Ben Nguyen: UFC 221 prelim placement is a ‘slap in the face’

Ben Nguyen’s pivotal flyweight bout against Jussier Formiga could determine champion Demetrious Johnson’s next title challenger. But, instead of being featured on the already-not-too-deep…

By: Nick Baldwin | 5 years ago
Ben Nguyen: UFC 221 prelim placement is a ‘slap in the face’
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Ben Nguyen’s pivotal flyweight bout against Jussier Formiga could determine champion Demetrious Johnson’s next title challenger. But, instead of being featured on the already-not-too-deep UFC 221 pay-per-view main card, it kicks off the televised preliminary card on Saturday night.

Nguyen believes the biggest fight of his career deserves more recognition.

Of the 24 fighters competing at UFC 221, seven of them are listed in the official UFC rankings. Formiga and Nguyen are among that handful, while the rest are all featured on the five-fight main card.

Unlike some fighters, Nguyen does care about card placement. The No. 8-ranked flyweight explained that he “was really disappointed” when he saw his bout was scheduled as the fourth fight in Perth, Australia.

“To see people not ranked above me that only had like maybe one or two fights in the UFC on the main card, it’s just kind of like, ‘Why is that guy up there? Why am I down here?’” Nguyen told “I’m fighting a ranked guy; we’re both ranked. This could be a title contendership fight.”

Nguyen, who most recently upset Tim Elliott via submission last June, isn’t exactly sure what went into the UFC’s decision to put the Formiga fight so low on the card. But, it did cause a few different ideas to go through his head.

For one, he feels that this shows that the UFC disrespects the entire 125-pound division — not just him and Formiga.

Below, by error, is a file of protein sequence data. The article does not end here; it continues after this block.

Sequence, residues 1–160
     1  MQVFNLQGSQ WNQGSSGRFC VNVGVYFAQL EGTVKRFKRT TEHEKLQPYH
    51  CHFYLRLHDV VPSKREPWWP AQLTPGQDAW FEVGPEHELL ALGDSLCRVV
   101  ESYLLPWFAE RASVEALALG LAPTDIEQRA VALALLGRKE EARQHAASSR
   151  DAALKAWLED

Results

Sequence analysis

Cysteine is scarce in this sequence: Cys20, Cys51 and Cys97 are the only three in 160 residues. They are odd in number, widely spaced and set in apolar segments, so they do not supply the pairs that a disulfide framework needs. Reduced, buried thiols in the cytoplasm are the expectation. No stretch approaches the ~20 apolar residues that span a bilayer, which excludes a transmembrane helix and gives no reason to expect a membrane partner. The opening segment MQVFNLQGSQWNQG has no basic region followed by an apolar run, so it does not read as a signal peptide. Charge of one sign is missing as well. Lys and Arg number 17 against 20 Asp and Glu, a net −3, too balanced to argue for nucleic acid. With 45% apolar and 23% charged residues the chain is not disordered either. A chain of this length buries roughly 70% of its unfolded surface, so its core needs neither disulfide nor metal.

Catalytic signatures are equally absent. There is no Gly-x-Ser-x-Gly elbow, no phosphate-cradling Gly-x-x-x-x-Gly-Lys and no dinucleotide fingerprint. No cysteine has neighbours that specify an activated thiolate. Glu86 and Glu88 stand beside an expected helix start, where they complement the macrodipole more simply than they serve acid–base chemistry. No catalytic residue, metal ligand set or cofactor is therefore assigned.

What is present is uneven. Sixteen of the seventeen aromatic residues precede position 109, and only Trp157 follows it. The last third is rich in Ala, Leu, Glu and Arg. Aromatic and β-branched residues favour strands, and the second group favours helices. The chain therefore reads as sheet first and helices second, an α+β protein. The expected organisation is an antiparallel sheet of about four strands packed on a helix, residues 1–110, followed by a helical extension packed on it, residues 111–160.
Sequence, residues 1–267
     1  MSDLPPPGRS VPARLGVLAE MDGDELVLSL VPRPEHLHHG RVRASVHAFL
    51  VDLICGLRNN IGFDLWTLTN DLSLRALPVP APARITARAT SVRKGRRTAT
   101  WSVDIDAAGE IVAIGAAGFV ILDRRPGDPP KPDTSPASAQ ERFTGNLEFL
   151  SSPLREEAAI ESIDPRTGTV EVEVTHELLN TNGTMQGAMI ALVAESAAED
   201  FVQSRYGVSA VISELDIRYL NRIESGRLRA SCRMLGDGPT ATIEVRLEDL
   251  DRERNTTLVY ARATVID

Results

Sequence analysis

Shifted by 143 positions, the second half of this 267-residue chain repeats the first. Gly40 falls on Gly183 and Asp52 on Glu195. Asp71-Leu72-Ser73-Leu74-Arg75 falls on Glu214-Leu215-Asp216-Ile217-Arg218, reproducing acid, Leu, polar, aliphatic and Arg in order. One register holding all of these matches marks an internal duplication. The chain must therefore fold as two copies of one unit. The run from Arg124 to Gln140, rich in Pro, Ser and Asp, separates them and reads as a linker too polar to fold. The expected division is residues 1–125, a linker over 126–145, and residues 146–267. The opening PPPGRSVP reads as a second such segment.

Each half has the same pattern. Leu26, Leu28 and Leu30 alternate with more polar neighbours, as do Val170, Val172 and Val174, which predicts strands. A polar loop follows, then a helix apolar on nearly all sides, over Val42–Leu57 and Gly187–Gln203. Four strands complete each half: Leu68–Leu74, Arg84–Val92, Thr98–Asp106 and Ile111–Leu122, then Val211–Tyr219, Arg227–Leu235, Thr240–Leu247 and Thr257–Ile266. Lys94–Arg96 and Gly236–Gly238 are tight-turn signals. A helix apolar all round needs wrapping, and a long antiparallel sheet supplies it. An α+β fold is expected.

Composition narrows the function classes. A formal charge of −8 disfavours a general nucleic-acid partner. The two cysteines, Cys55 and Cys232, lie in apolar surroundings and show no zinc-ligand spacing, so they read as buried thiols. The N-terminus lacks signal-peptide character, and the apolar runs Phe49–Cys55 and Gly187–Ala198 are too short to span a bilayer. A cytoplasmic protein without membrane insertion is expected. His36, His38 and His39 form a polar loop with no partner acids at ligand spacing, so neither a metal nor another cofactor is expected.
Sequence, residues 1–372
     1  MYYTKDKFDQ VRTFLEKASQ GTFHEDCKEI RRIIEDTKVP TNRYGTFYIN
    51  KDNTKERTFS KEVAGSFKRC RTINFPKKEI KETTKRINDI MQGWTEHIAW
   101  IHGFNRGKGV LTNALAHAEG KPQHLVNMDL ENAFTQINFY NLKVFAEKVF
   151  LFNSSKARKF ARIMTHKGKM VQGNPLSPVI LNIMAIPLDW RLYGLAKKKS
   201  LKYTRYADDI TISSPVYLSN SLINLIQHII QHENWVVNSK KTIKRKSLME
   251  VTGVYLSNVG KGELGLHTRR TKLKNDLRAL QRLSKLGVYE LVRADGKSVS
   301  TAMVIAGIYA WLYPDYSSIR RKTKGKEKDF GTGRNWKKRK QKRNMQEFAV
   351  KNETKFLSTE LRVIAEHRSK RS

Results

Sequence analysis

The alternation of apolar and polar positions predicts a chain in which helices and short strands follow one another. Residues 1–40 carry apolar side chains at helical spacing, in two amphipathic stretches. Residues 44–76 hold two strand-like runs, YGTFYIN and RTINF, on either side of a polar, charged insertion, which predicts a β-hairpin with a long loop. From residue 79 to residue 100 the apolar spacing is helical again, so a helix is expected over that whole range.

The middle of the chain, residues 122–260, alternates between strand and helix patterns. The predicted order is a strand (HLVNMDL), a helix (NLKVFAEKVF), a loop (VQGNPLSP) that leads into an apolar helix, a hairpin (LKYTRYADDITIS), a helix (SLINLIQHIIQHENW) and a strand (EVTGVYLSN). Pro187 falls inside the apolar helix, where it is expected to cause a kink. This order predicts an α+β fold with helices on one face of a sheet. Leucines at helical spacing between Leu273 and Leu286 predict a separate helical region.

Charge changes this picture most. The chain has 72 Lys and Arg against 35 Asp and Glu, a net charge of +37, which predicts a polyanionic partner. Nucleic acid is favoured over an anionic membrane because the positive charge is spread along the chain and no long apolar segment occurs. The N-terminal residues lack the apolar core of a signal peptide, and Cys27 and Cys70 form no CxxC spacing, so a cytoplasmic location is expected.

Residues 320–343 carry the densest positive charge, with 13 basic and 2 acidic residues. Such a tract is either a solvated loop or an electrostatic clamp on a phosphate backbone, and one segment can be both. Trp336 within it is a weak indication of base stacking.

“It kind of set a precedent for me, saying that the UFC doesn’t like the flyweights, or they’re trying to kill a division,” Nguyen said. “That’s been floating around in my head. I don’t know what they’re trying to do.

“I feel like they bury us on the prelim cards all the time. It’s kind of a slap in the face for me, especially to put two ranked guys on the prelim card. I just don’t understand it. I don’t know. Maybe they’re trying to kill a division. Who knows?”

Historically, the flyweight division hasn’t received the same amount of attention from fans as other weight classes. Johnson, the only titleholder the division has seen in the UFC, is not considered a major draw on pay-per-view; he has struggled to connect with a wider audience, but perhaps more importantly, the promotion has failed to promote him properly.

Last June, Johnson and UFC president Dana White exchanged words via the media. ‘Mighty Mouse’ accused White of once threatening to shut down the entire flyweight division – that was after the promotion tried to persuade Johnson into accepting a fight with T.J. Dillashaw, who (at the time) had not yet won back the bantamweight title.

White eventually gave Johnson what he wanted – a title defense against Ray Borg – and the two have since made up.

White having little faith in Johnson certainly isn’t good for the division, but Nguyen doesn’t think the UFC should even consider getting rid of it.

“I think that’s a wrong move right now,” the Brisbane resident said. “The UFC flyweight division is gonna blow up, I think, with me coming up in the ranks, you got Sergio (Pettis); he’s putting on good fights, as well. I look at the bantamweight division; it gets so much more respect. And it’s only 10 pounds. What’s 10 pounds? You pick up a 10-pound weight and it’s like, ‘This is 10 pounds. This is the difference between me and a bantamweight fighter.’ I just can’t wrap my head around it.”

Nguyen cites “casual fans” making up a large portion of the MMA fanbase as the reason why the flyweight division isn’t generally successful when it comes to television and pay-per-view numbers.

“There are casual fans that want to see the violence, the drama. And there’s people like us – we like to see the technical side of fighting,” he said. “But we’re just a smaller number than the general public, unfortunately. Not everyone can differentiate an armbar and kimura. But that’s just the way the cookie crumbles.”

Nguyen’s leverage would certainly go up with a win over Formiga at UFC 221, but he doesn’t think there is much he can do to challenge the UFC’s main-card snub. For now, he plans to simply keep on winning – and that continues Saturday.

“I’m just gonna keep winning fights and do what I do, punch people in the face,” Nguyen said. “There’s not much I can do. I feel like if I did speak, there wouldn’t be much behind it. It’d be nice to pick their brains and see what’s going on, but I don’t think I’d go as far as like flying to (Las) Vegas and questioning the UFC.”

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Nick Baldwin
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